My afternoons with Lolo Benny

One of the last stories we shared was about Lola Glecy

Lolo Benny meets his great great-granddaughter Yani, cradled by her mother, the author, shortly after birth (Photo from Tantoco family)

Lolo Benny with Miko and Nicole de los Reyes with baby Yani (Photo from Tantoco family)

(Taking time off from her duties as assistant to the RCC president, her father, Bienvenido “Donnie” Tantoco III, Nicole, now 30, wrote this heartfelt tribute to her Lolo, Ambassador Bienvenido Tantoco, Sr., the father of Philippine luxury retail who passed away July 6, 2021. She shares it with—Editor)

I have a beautiful, handwritten note from my Lolo Benny. He gave it to me when I was 12 years old. In his elegant script, he encouraged me to write. He told me that he wanted me to write a book about him. At 12, I couldn’t wrap my head around the monumentality of this task. How could the words of a little girl do this larger-than-life man justice? But that was Lolo. He believed in the promise in each one of us.

My Lolo loved books. On the shelves of his library, he collected leather-bound volumes of the classics. He spoke fondly of his memories of school, of being taught by his American teacher to appreciate poetry, some lines of which he never forgot. ‘I think that I shall never see a poem as lovely as a tree,’ my Lolo Benny recited.

Lolo had lost his father and became the breadwinner of his family at a young age. He had lived through the Second World War. He knew that there were more tragedies than comedies in the world outside the page. Trees by Joyce Kilmer is poignant in its simplicity, in its gentle recognition that even in the darkest moments, there is still so much beauty and hope to be found on this earth.

To Lolo, it held an even deeper truth. Watching the sunlight trickling through the leaves and hearing the cheerful chirping of the birds in his garden he’d wonder aloud, ‘How can anyone doubt there is a God?’ Throughout his lifetime, this faith remained shatterproof.

Lolo recognized that life was a blessing, one that we only had a single shot at, and he wanted to live it well. Even in his late 90s, when he was beginning to feel weak and less energetic, he tried his best to be as present as he could with everyone. He was always the first guest to arrive at all of the family’s births, baptisms, weddings, graduations, school programs, recitals, etc. He had a ready smile and funny story for everyone, and went out of his way to greet even the youngest grandchild as though they were his most honored guest.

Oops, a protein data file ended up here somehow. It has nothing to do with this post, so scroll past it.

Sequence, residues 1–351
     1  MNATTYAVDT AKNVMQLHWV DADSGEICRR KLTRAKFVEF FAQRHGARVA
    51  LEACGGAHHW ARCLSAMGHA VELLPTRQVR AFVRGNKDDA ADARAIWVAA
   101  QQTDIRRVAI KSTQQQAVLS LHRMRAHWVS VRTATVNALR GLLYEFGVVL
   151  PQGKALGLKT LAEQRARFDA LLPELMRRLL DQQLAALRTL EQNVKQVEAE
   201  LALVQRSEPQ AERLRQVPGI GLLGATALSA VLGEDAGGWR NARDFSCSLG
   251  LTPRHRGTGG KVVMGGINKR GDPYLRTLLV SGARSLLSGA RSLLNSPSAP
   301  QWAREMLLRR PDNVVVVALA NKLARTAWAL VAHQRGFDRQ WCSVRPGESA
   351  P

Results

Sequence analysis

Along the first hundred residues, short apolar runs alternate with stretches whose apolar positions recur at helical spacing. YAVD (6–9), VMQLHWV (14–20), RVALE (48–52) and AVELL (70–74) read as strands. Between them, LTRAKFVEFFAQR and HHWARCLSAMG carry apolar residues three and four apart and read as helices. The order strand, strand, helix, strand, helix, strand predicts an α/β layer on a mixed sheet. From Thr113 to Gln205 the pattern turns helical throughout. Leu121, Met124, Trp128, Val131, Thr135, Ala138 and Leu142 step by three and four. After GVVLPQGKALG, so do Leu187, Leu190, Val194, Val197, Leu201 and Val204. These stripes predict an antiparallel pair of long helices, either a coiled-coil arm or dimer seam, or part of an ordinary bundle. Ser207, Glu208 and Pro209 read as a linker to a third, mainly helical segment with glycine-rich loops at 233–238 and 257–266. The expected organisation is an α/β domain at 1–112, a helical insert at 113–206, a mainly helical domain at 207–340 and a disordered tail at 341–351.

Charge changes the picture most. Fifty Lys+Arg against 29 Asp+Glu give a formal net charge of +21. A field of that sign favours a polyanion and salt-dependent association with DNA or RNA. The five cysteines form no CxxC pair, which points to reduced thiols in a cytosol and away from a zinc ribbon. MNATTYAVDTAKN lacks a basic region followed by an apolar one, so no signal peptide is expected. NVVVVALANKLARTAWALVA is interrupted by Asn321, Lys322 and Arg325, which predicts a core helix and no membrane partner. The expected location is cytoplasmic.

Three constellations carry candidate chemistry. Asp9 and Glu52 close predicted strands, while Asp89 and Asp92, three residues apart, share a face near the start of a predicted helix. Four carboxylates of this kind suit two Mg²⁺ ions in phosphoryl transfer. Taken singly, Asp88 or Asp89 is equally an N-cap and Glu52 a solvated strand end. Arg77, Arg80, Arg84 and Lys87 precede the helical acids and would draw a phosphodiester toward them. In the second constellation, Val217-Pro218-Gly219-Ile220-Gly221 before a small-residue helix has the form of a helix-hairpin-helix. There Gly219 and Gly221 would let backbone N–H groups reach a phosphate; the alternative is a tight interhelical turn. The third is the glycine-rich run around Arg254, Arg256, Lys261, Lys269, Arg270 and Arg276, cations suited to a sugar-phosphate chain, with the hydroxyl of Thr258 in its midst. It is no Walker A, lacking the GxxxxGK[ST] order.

There was nothing that filled his heart more than making us laugh. He’d often say the only gift he wanted was ‘To be surrounded by family, nothing else’.

A few years ago, I got to spend more time with my Lolo than usual. Afternoons were usually when my Tita Tess (Tantoco-Enriquez) would be with him. At the time, she was taking care of her childhood yaya, so she asked some of the family members to help make sure Lolo was never alone. I was one of them.

‘You don’t have to be here if you don’t want to. I am ok’

What are you doing here?’ he asked, the first time I arrived at his house. ‘I’m here to spend time with you,’ I said. ‘You don’t have to be here if you don’t want to. I am ok,’ he said, shooing me away with his hand. I held him and said, ‘No Lolo, I like spending time with you. I want to be here.’ He said, ‘Ok’.

We sat together in his living room searching for common ground. We both loved talking about old movies: Casablanca, Gone with the Wind, and anything that starred Audrey Hepburn. I went there thinking that I would be the one to take care of him, but the opposite occurred.

It was my Lolo Benny who entertained and made me laugh. He had lived such a rich life and had so many stories to tell. He had traveled to almost every country in the world. When I asked him if he had ever been to Cuba, he exclaimed, ‘Yes!’ before pausing and making a quip that ‘There is no arroz a la cubana there. That is a Filipino invention!’

After a while, he admitted he was feeling tired. He asked if it was ok if he rested. He told me I could use one of the rooms to rest also. I asked if it was ok if I still stayed next to him. We spent the rest of the afternoon sitting quietly together.

One of the last stories we shared was about Lola Glecy. ‘Your Lola was brilliant! Smarter than any person with a college degree!’ he said. Again, he asked if it was ok if he could rest. As he leaned back in his leather chair, I watched him retreat into the silence of his own thoughts, preparing himself for the moment he’d get to be with her again.

About author


The great granddaughter of the late Ambassador Bienvenido Tantoco, Sr., she is a young wife and mother who now works at the Rustan’s Commercial Corporation.

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